How do I check out an online degree program?
December 28, 2008 4:36 PM   Subscribe

What's an unbiased resource for checking out the value of credentials obtained through an online degree or distance learning program?

I am interested in obtaining a Masters in Acquisition or a Masters in Contracting, and have been looking for a good online degree program that will be respected by employers (federal government or government contractors) once I complete it. Specifically I am leaning toward a program at American Graduate University. Does anyone have any opinion of this program, or how I might go about checking it out?
posted by gm2007 to Education (6 answers total)
A while back, an enterprising reporter discovered a high number of Bush Administration appointees citing a particular distance learning degree, just by doing a Google search of the .gov region.

So you could try going to Google and typing "American Graduate University" to see where AGU folks have landed.
posted by johngoren at 5:21 PM on December 28, 2008

AGU is not a diploma mill, but it doesn't have the best accreditation. AGU is accreditted by DETC. The link below describes potential problems.

"The Distance Education Training Council (DETC) has been accrediting correspondence schools since 1955. Today, hundreds of distance learning colleges and high schools have been granted accreditation from the DETC. Many graduates from DETC accredited schools have used their degrees to gain promotions or to continue in their studies. But, others have been disappointed to find that their degrees do not hold the same weight as diplomas from regionally accredited schools."

From here
posted by pseudonick at 5:42 PM on December 28, 2008

Best answer: Well, you know that they have a Department of Education recognized accreditation. A relevant national trade association stands behind it. You can contact the NCMA, become a member, go to a few networking opportunities and ask around because as far as "value" goes, you should try to find opinions from people who actually hold a degree from the program or from other similar programs. What do they think that it's done from them? Did they find it relevant? What opportunities did it open up? Did they wish they had chose a different option. Things like that.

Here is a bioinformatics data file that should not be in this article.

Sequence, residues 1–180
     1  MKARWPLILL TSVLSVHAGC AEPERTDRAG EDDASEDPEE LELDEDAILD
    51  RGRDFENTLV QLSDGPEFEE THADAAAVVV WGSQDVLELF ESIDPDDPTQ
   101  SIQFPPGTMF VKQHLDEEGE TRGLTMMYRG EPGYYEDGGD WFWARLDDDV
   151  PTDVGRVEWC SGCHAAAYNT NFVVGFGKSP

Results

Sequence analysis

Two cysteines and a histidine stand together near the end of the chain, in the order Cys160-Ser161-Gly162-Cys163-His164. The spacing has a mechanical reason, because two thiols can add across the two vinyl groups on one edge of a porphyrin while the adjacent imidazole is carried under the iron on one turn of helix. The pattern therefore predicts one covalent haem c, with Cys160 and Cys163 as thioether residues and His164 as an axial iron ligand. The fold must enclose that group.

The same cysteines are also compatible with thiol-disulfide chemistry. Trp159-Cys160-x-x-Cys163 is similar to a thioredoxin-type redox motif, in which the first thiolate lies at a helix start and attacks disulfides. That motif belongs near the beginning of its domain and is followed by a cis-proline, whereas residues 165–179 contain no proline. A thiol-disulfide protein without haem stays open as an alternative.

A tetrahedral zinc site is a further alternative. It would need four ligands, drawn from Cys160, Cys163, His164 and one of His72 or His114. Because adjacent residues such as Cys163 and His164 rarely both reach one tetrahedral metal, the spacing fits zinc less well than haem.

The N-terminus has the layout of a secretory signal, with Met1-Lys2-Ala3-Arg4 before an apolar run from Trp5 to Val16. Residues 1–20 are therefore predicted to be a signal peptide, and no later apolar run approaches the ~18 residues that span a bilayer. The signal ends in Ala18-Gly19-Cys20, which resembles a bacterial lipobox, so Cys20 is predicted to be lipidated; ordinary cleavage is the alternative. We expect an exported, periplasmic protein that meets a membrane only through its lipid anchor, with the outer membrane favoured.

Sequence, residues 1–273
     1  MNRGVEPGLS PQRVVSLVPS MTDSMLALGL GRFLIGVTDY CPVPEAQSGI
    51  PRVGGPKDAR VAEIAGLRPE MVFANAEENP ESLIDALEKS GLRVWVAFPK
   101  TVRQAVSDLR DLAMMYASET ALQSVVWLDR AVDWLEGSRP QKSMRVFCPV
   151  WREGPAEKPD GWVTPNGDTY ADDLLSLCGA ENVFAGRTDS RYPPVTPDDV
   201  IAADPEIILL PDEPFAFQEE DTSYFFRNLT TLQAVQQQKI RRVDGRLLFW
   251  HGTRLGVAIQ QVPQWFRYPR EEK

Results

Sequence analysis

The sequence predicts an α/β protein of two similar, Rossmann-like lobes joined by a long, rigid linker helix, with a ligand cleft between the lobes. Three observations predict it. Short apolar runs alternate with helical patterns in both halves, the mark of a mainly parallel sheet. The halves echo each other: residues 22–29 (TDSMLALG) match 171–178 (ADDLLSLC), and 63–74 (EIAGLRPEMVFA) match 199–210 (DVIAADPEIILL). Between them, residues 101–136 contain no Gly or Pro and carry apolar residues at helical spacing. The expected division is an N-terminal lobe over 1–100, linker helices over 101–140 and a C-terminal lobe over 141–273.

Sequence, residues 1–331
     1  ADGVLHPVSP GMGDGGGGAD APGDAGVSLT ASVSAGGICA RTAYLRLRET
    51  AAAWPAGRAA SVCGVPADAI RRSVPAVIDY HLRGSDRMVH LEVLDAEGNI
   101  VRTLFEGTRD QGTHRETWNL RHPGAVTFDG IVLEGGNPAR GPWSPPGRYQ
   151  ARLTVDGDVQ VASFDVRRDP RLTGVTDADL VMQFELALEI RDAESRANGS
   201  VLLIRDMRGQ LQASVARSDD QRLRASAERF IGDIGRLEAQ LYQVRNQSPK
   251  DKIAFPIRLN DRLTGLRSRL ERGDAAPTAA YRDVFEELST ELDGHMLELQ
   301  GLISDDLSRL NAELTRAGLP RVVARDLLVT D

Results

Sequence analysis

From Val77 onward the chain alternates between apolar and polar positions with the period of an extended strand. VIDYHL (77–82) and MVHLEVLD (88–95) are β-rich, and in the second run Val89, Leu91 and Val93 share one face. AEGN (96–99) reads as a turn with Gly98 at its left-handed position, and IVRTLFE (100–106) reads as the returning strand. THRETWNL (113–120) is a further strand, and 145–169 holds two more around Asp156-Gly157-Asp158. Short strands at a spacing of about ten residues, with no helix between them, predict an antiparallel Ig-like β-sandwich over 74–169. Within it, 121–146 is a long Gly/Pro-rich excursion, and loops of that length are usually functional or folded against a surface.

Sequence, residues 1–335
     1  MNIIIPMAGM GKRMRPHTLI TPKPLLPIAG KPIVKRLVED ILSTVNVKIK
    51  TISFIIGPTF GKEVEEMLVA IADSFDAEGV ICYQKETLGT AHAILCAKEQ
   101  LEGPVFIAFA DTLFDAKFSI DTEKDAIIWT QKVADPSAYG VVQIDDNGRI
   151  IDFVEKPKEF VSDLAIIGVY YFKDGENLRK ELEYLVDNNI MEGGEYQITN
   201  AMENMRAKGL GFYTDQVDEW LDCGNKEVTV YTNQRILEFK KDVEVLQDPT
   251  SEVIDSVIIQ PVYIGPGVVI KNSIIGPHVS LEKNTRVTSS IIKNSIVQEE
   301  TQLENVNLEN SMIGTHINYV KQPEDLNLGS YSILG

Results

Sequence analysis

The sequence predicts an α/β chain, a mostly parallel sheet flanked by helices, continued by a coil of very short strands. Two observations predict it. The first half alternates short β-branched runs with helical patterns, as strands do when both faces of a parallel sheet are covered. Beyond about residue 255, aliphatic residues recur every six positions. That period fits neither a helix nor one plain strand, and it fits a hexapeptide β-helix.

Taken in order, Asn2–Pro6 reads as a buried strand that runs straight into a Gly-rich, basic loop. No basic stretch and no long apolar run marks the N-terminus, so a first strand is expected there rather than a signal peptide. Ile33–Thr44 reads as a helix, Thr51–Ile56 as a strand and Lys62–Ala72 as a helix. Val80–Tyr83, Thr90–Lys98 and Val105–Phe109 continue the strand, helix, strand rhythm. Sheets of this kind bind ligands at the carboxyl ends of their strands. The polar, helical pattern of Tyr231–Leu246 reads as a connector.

posted by mrmojoflying at 5:49 PM on December 28, 2008

And as pseudonick mentions, the DETC is typically used to accredit vocational training programs and not university degrees, but it sounds like that is what you are seeking is vocationally related, so the difference between "votech" and "university" might not be as relevant.
posted by mrmojoflying at 5:51 PM on December 28, 2008

There is an interesting and relevant discussion on the wikipedia page (and its talk and recent history) for the Distance Education Training Council (DETC).

I'd assume the government wouldn't give you trouble about claiming the masters degree, because DETC is a recognized as an accreditor by the Department of Education. But I personally would be a bit skeptical, AGU doesn't yet have a wikipedia page. (Which shouldn't be a big deal...and yet)

Some online programs are accredited by top accreditation bodies. I did some looking to check and for example Colorado State University offers an MBA in business with no residency requirement accreditted by The Association to Advance Collegiate Schools of Business (AACSB) which seems as respectable as they come.

How you check out these programs is by looking at who accredits them.
posted by pseudonick at 6:26 PM on December 28, 2008

I agree with looking at a school's accreditation- some accrediting bodies are rigorous, some not so much. You can look them up on College Source.
posted by desjardins at 12:43 PM on December 29, 2008

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